Slow this merger

March 01, 2006

An uneducated consumer is a utility company's greatest asset.

Given that, Maryland customers of Baltimore Gas and Electric Co. should pay very close attention to a series of obscure hearings that quietly kicked off yesterday in Baltimore.

And - so that consumers can get fully educated - the schedule for these hearings ought to proceed at a much slower pace than planned right now.

The hearings - before the state Public Service Commission - will probe plans of BGE's parent company, Constellation Energy, to merge with the Florida Power and Light Group. This is the first merger of its kind; conflicts between the commission and the energy company could end up in court.

The planned merger also comes as a state cap is scheduled to be lifted from BGE electric rates this July to allow market rates - a move that could raise consumers' bills by 40 percent to 80 percent.

The public and the state legislature are just waking up to these twin revolutions for Maryland utility customers. Some state legislators have started talking about interceding to somehow derail the merger or impose a phase-in on higher electric bills.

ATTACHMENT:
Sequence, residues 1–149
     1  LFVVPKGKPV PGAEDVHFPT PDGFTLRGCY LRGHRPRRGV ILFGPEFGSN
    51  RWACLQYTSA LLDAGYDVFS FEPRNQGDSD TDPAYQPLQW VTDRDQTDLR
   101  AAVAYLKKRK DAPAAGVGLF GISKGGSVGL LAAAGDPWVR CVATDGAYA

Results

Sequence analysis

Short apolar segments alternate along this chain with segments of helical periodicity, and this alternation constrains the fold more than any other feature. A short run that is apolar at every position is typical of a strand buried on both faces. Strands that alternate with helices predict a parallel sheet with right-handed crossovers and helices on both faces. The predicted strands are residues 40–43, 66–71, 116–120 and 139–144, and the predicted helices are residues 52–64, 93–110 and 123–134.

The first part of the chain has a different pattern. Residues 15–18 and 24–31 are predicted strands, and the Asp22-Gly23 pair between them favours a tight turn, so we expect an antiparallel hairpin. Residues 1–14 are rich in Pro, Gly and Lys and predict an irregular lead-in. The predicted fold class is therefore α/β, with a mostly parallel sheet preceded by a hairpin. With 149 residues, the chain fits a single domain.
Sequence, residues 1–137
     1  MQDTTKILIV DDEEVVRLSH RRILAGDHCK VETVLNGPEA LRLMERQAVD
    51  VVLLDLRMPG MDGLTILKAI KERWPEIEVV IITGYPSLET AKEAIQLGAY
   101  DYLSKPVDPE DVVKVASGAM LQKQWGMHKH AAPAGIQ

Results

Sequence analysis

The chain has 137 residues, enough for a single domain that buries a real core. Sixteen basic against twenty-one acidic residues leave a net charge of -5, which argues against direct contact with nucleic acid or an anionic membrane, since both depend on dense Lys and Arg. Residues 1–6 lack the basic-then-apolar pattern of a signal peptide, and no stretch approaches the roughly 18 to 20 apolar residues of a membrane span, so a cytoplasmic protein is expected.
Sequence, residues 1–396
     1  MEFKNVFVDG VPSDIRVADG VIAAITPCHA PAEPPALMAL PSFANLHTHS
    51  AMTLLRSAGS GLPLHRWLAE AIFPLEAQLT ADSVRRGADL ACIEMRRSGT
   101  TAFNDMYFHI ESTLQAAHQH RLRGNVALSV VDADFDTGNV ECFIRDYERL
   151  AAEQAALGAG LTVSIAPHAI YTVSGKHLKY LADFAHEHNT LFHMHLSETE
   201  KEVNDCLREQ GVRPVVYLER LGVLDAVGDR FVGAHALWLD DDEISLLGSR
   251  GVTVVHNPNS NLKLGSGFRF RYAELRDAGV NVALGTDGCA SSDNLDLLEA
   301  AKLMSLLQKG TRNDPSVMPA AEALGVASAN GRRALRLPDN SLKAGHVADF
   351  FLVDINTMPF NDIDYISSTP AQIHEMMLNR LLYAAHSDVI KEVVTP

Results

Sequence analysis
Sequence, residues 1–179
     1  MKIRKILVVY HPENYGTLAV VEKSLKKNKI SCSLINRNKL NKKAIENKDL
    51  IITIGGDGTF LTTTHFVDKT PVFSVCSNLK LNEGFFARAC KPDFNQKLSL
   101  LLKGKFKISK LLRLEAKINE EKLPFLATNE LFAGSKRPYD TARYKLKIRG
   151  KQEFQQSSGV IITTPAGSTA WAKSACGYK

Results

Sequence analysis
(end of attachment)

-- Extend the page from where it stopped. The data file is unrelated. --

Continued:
Not incidentally, the PSC is well into a second set of hearings on its staff's proposal to allow BGE customers to defer paying some of their higher electricity rates - but only if they pay an outrageous interest rate of 12.5 percent on their deferrals.

Yesterday's initial PSC hearing on the merger began with the question of scheduling. Testimony is set to begin April 12, and the hearings are to conclude by the end of June. Constellation would like the PSC to stick to that fast pace so it can move quickly toward the merger. But the state Office of People's Counsel, charged with representing the public, yesterday asked for a month's delay from April 12, for starters.

PSC commissioners said they'd take the matter under advisement and issue a decision on the hearing schedule this week. With so many unknowns in this merger proposal and with the state headed toward electricity deregulation, more time for public examination seems essential - at the very least.

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